The protests in Simferopol, the capital of Crimea,

TheCrimean Peninsula was part of the Russian Federation until a soviet leadernamed Nikita Khrushchev gave it to Ukraine as a present in 1954. Sixty yearslater, in 2014, Russia launched a military invasion and an annexation of Crimea.Leading up to the events was a meeting held by Russian President Vladimir Putinin February 2014, stating the desire to return Crimea to Russia.

Shortly afterthis discussion, began many protests in Simferopol, the capital of Crimea, andthe plan to remove President Viktor Yanukovych. Yanukovych disappeared and wassuspected to be heading south, and after weeks of not returning, was replacedby President Petro Porshenko. After the peaceful protests turned violent, maskedtroops in unmarked clothing, Spetsnatz, were ‘fueling the fire’ and began takingover government buildings in Crimea. These events led to a Pro-Russiangovernment throughout Crimea in March 2014, and a few days later Russia claimedcontrol of Crimea.

Russian President Vladimir Putin gave a speech on March 18,2014 stating that his annexation of Crimea was legitimate since 96% of theCrimean residents voted in a referendum in favor of joining Russia (de Wijk,2016).            Due to the referendums occurring inCrimea, Ukrainians that did not want to be a part of Russia had the option toleave, but they had to move to mainland Ukraine. This ultimately brought uponthe issue of armed conflict by masked men, in a previously peaceful state. In astate with armed conflict, the conflict itself disintegrates a whole societyincluding law enforcement, educational institutions, and access to healthservices (CFR, Armed Conflict).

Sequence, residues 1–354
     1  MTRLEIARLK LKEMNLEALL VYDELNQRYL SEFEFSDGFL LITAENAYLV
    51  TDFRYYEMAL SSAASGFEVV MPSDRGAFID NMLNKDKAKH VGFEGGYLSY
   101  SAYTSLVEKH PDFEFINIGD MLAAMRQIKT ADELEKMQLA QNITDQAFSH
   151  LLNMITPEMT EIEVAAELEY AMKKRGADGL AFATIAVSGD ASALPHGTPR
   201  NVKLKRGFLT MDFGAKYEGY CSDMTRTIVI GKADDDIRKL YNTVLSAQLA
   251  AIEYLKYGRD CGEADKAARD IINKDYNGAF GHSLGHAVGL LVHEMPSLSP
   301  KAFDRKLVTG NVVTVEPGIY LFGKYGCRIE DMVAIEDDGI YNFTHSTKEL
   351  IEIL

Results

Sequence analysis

The aspect of human rights came about when thegovernment was overthrown in Crimea stated that if the Crimean people did notwant to be a part of Russia, they had the option to evacuate. However, if theystayed longer than the allotted days of time given to evacuate, they wouldbecome part of Russia. Not only is there instability being caused in EasternUkraine, but there is also guarded checkpoints aloong the border of Russia andUkraine.

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As for Crimea, since the incursion there has been a large militarybuildup on the peninsula. Russia has the ability to bring military equipment acrossthe border fairly easily, and across the Kerch Strait which is a small straitlocated between Russia and Kerch in Crimea, and it has done just that. Also,Russia has a sizable Black Sea Fleet which now conveniently located in the SevastopolNaval Base at the Southernmost point of Crimea.            After the invasion happened inCrimea not many international states were jumping in to assist Ukraine. Therehad been talks between European states since 2008 when Ukraine applied to jointhe North Atlantic Treaty Organization (NATO). However, these plans with NATOwere put on the shelves when President Viktor Yanukovych was placed into powerin 2010.

President Yanukovych’s goals were to keep Ukraine non-aligned. Thisdid not fare well for the Ukrainian people when it came time for assistanceafter the incursions along their borders. Throughout the annexation of Crimea,NATO did condemn this action, but showed no interest intervention or offering amembership position to Ukraine (Menon, 2015). Ukraine is also not a member ofthe European Union (EU) or the United Nations (UN).